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The Dos and Don’ts of Dealing with Negative Online Reviews

November 19, 2017 by Mike Lannen

It’s probably already happened to you before. You’re sitting in your living room, grateful for the weekend rest and relishing the chance at some much needed relaxation, when you hear your phone ping in your pocket.

Your first instinct is to ignore it, but the entrepreneur in you takes only a second to change your mind. You soon realize it’s a notification for a new review on one of the many websites on which your business is talked about.

Oh, the adoring public! You scroll down excitedly to read the expected praise.

"Your business sucks!! - 1 star"

Wait…what?!

A negative review is never an easy read—no matter how many times you’ve gotten them before. They are an unwanted pointer to the one instance your business failed to create the expected outcome.

So how do you deal with them?

First of all, don’t panic!

Negative reviews can actually be a good thing. But before we get to looking into how, here are some dos and don’ts on how to deal with that review from hell.

Don’ts of Dealing with Negative Reviews

Don’t Ignore It: Ignoring a negative review is just as bad as giving a foul-mouthed response

Think about it: a customer just gave you the chance to address an issue about the way your business interacts with the paying public, and you are ignoring the invitation.

Could it be you don’t care about your customers?

Of course you do!

But that’s not what everyone who comes across the snubbed bad review will think.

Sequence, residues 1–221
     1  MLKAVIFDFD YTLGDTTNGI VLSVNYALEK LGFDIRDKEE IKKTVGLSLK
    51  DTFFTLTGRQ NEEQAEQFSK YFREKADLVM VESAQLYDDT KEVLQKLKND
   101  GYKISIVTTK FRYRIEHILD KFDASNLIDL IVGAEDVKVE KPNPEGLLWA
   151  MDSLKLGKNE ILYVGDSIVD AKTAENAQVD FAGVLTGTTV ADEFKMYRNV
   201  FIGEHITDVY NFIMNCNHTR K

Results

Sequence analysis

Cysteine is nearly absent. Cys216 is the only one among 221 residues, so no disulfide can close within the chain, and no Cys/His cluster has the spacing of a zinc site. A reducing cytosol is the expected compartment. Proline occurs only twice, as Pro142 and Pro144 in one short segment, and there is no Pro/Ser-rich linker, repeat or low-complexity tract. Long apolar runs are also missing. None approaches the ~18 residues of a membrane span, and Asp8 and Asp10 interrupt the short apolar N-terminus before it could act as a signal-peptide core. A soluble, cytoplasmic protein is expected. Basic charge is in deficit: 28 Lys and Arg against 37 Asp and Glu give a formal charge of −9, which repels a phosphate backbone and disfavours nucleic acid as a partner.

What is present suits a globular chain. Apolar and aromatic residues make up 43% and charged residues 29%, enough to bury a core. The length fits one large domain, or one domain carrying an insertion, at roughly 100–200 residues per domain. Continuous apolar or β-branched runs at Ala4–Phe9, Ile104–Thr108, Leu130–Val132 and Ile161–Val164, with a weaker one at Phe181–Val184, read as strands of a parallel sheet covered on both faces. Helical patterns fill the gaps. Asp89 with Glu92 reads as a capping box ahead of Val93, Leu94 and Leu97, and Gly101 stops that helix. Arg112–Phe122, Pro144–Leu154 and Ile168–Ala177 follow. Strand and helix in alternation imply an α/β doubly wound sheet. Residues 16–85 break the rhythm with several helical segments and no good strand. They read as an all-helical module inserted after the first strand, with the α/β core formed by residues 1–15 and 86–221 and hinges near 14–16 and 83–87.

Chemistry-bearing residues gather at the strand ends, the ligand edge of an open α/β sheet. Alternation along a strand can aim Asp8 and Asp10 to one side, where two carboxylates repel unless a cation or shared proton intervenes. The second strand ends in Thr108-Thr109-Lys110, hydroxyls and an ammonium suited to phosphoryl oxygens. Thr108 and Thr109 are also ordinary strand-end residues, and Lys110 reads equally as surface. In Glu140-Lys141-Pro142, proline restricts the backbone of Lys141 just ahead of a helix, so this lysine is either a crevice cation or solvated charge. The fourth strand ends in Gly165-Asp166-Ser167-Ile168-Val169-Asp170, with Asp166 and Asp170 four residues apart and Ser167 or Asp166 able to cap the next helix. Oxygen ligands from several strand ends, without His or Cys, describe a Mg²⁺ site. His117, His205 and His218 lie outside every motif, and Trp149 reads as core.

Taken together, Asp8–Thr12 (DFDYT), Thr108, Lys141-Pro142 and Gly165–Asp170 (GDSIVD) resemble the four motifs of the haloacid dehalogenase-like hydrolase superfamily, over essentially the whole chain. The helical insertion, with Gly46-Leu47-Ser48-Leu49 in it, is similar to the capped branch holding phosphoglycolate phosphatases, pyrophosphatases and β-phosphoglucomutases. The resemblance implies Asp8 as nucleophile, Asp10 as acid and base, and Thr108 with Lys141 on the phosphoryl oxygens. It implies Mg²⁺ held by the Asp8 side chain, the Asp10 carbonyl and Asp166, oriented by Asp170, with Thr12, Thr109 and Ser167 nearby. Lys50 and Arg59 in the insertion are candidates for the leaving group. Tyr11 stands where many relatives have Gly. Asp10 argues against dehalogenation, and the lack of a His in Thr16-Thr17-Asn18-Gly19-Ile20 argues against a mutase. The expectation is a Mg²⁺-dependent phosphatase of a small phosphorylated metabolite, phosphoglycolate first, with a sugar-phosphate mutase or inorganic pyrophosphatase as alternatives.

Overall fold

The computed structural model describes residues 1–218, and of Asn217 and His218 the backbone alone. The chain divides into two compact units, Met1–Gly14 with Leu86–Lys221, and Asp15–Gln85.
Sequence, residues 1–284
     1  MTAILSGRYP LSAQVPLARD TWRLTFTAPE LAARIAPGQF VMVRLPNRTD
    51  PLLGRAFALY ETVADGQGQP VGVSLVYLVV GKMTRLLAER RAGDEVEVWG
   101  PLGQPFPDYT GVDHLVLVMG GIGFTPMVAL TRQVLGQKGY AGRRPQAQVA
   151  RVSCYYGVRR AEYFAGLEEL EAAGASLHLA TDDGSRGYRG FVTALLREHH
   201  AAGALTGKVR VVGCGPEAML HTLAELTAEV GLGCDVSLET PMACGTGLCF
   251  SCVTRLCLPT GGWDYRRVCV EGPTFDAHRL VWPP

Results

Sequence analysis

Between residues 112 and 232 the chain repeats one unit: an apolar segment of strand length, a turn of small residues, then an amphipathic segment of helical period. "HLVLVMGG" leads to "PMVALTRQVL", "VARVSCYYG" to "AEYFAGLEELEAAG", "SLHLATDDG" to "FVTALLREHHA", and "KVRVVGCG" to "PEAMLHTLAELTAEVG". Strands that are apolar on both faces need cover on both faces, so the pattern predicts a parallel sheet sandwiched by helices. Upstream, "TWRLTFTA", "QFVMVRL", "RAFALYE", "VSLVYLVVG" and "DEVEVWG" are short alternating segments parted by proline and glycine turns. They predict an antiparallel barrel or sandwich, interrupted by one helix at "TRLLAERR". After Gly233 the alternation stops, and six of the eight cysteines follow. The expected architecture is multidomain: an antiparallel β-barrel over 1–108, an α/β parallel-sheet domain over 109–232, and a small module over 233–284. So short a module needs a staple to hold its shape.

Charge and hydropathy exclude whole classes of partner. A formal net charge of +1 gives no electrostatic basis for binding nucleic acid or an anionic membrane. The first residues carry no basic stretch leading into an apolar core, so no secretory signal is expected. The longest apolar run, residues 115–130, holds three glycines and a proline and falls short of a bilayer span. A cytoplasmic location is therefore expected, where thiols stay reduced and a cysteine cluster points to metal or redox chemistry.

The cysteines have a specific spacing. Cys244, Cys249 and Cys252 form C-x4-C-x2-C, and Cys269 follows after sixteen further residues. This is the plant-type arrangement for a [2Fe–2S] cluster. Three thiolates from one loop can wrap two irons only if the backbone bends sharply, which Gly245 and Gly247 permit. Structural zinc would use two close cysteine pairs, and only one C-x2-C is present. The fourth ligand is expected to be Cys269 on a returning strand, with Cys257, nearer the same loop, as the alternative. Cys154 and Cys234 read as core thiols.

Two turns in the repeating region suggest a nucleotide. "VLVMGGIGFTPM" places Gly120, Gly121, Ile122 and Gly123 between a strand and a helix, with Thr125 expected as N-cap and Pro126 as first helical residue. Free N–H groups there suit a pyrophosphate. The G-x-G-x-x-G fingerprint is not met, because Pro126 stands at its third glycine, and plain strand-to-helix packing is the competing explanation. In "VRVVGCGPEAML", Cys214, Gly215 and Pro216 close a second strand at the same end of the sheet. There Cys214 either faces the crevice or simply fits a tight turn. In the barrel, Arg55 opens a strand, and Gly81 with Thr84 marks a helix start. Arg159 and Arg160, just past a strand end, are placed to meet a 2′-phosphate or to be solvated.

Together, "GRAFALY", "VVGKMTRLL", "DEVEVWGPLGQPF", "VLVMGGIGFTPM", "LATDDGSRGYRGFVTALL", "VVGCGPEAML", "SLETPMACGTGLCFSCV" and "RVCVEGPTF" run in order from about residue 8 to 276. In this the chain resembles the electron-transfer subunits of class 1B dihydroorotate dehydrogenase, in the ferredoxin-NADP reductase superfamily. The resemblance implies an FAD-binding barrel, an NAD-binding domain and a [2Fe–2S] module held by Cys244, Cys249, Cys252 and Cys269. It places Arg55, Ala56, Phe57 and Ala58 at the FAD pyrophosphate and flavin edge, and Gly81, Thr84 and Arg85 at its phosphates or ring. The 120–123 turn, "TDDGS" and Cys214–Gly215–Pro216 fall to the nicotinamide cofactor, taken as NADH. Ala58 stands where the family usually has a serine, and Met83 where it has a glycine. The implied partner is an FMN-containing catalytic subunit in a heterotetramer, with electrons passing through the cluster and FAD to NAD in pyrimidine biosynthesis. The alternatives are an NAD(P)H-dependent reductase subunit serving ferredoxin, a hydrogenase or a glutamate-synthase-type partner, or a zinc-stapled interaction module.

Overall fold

Don’t Get Defensive: Your business is your baby, an extension of yourself. It’s a projection of your ideas about how the world should run

It’s not hard to see how any attack on your business could feel like an attack on your person.

But don’t be that guy or gal!

You know the type who can’t handle negative feedback and pours his anger on anyone who dares criticize?

Behaving in this manner could easily deteriorate into an online slinging match, which is something no entrepreneur wants for their business.

Take your time to take stock of the particular grievance. It might be a genuine concern, or a mere misunderstanding. Either way, you want to measure your words and respond in a way that ensures your business comes out on top in the end—how to do so is addressed in the Dos section.

Don’t Get Pulled into an Online Slinging Match

As an entrepreneur, your days will always come with a hint of clouds and a slight chance of running into an online troll who just wants to keep complaining online.

Here’s what you can do: re-state that you are happy to address the issue at hand, and invite the person to contact you offline to that end.

No matter what happens afterwards, other reviewers will appreciate the class evident in your response.

Now compare that with the slinging match you would otherwise be involved in.

Don’t Beg For Positive Reviews to Hide the Negative Ones

Besides the fact that most review sites frown at this practice, most customers can spot a fake or forced review from a mile away.

Reviews of this nature are totally unnecessary, and can actually negatively impact the way people view your business over time.

There is a better way to go about “hiding negative reviews”, which we address in the next section.

Dos of Dealing with Negative Reviews

Acknowledge and Apologize

Most people who take the time drop a negative review just want to be heard, and a little empathy will go a long way to see matters resolved.

Resist the temptation to be defensive.

Acknowledge the issue at hand, and show that you are genuinely concerned that anybody would leave your business having experienced anything but the very best.

According to a study by Yelp, 33% of negative reviews turn positive when the business responds and tries to explain things out.

Tactfully Promote Your Business’ Strengths in Your Reply

Don’t just reply. Why waste a negative review?

Without being defensive, without contradicting the customer, without sounding like a total jerk, highlight the ideals your business aspires to in your response.